Mr. Michael McCarthy, Mr. Patrick McCarthy & Mr. James McCarthy (Represented by Traveller Visability Group Ltd) V The Eagle Bar (Cork)
Delegation under Equal Status Act, 2000
The complainants referred a claim to the Director of Equality Investigations on 15th October, 2001 under the Equal Status Act, 2000. In accordance with her powers under section 75 of the Employment Equality Act, 1998 and under the Equal Status Act, 2000, the Director then delegated the case to me, Marian Duffy, an Equality Officer, for investigation, hearing and decision and for the exercise of other relevant functions of the Director under Part III of the Equal Status Act, 2000.
1.1 The dispute concerns a claim by Mr. Michael McCarthy, Mr. Patrick McCarthy and Mr. James McCarthy that they were discriminated against by the Eagle Bar on the ground that they are members of the Traveller Community, in that they were refused a service which is generally available to the public. The complainants alleged that the respondent discriminated against them in terms of Sections 3(1)(a), and 3(2)(i) of the Equal Status Act, 2000, contrary to Section 5(1) of that Act.
2 Summary of the Complainants' Case
2.1 The complainants' case is that they were refused service in the respondent's pub on 13 June 2001. They submitted that they entered the pub between 10pm and 10:30pm and Mr. James McCarthy ordered 3 pints of Heineken. The barman refused service saying "sorry lads regulars only". The complainants said that they felt embarrassed and did not reply. They then left the premises.
2.2 The complainants denied that they had too much drink consumed or that this was the reason service was refused. They said that they find it difficult to get served in Blackpool, the area where the Eagle Bar is located. They had tried three other pubs in the area before this pub. The complainants submitted that they had been refused in this particular pub on a number of occasions. After being refused service on this occasion they went into the city centre and got served there. They submitted that they would not have been served in this latter pub if they had too much to drink. They were unable to state the name of the pub where they were served.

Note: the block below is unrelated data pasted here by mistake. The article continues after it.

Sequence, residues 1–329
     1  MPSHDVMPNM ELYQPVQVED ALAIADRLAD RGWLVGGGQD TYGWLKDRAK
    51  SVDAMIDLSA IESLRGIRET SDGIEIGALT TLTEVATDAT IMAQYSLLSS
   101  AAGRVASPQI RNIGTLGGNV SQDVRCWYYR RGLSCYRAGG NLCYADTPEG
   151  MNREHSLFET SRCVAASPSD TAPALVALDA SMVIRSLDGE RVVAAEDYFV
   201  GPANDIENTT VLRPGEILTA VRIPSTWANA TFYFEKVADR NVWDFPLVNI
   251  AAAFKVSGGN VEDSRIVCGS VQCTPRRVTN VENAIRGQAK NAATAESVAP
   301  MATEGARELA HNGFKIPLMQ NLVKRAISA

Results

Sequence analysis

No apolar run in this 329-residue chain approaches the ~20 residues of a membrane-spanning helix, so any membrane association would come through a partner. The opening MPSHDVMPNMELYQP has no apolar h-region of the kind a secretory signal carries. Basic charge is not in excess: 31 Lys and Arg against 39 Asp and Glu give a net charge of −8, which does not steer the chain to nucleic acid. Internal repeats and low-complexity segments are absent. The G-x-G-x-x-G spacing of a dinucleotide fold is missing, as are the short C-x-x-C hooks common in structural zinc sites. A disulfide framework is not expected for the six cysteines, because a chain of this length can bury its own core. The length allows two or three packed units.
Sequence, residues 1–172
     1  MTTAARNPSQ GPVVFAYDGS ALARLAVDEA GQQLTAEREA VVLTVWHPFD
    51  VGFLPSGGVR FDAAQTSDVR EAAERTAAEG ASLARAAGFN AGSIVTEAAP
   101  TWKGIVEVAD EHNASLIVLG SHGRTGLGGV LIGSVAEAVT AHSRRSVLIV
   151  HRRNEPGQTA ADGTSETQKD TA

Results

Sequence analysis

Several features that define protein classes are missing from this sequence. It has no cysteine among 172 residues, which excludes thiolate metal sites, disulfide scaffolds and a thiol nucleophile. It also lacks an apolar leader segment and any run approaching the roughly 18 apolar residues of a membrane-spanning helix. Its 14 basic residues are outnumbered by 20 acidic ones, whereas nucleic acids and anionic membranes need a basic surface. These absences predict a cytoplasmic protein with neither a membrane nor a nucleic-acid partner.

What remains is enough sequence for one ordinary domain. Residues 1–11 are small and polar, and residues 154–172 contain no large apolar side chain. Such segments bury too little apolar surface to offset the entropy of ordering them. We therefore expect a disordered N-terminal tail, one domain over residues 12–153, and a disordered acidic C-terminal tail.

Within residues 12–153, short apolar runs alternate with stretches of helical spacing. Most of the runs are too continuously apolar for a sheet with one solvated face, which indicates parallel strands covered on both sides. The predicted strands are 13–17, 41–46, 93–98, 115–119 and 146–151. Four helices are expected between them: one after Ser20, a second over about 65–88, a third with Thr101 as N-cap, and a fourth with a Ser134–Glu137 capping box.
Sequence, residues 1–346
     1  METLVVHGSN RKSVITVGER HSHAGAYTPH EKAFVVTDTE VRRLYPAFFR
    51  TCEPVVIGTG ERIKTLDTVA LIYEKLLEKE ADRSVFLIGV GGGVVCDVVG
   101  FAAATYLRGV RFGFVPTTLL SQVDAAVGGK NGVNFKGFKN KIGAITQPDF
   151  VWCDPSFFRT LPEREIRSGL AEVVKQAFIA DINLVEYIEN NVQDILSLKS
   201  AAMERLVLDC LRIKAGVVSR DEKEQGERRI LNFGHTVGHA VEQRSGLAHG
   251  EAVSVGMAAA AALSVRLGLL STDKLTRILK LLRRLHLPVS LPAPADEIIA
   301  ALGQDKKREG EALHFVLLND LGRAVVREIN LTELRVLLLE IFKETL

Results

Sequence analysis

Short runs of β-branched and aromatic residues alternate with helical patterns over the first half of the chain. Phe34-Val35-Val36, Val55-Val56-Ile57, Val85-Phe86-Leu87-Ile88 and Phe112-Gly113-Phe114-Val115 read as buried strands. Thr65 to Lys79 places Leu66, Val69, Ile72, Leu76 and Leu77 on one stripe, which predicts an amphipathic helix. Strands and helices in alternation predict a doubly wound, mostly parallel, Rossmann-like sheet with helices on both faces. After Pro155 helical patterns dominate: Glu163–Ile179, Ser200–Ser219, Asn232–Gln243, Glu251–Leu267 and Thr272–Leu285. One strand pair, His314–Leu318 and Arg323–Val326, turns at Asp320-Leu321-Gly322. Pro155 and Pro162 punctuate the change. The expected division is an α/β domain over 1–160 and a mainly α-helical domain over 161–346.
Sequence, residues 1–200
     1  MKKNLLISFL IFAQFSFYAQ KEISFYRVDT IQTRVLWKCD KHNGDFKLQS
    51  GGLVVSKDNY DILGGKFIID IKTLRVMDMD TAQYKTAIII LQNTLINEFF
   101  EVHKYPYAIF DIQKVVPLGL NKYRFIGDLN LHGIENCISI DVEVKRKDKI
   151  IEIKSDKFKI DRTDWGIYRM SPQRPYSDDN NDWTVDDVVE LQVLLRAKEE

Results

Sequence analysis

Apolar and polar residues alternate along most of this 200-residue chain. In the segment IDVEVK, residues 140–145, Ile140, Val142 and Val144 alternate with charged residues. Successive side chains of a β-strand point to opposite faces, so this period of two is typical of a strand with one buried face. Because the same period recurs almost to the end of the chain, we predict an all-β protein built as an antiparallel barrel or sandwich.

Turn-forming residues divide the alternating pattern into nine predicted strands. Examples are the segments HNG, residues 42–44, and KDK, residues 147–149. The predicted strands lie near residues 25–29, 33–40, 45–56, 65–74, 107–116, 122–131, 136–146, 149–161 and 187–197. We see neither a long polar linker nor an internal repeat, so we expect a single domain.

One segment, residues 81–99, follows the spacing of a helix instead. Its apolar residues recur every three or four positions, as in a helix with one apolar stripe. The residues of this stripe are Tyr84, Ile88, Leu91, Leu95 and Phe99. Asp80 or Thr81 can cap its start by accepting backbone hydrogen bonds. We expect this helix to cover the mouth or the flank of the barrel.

2.3 The complainants' representative submitted that, no relevance should be attached to the fact that the complainants could not identify the pub in Patrick Street where they were served, as Travellers would use landmarks to navigate around the city. He also said that Travellers have great difficulty in getting served and they try to disguise their Traveller identity in order to get into pubs. In support of the complainants' case that they had no drink consumed, he submitted it would make no sense for the complainants to disguise their identity and then present themselves at a pub in an intoxicated state.
3.1 Summary of the Respondent's Case
The respondent, Mr. Patrick Coleman, stated that the complainants were under theinfluence of alcohol when they entered his premises and this was the reason for refusing service. He said that he was not present in the pub at the time, but his barman, Mr. Glen Cambridge, related the incident to him later that day. He told Mr. Coleman that 3 Travellers entered the pub and requested service and he refused them because he believed they had enough drink consumed already. Mr. Coleman submitted that Mr. Cambridge would not have used the term "regulars only" as the pub does not operate such a policy. The pub is located in Blackpool and attracts a passing trade and it would not be good for business to have such a policy. Mr. Coleman submitted that a number of Travellers including Mr. James McCarthy's brother are regular customers of the pub.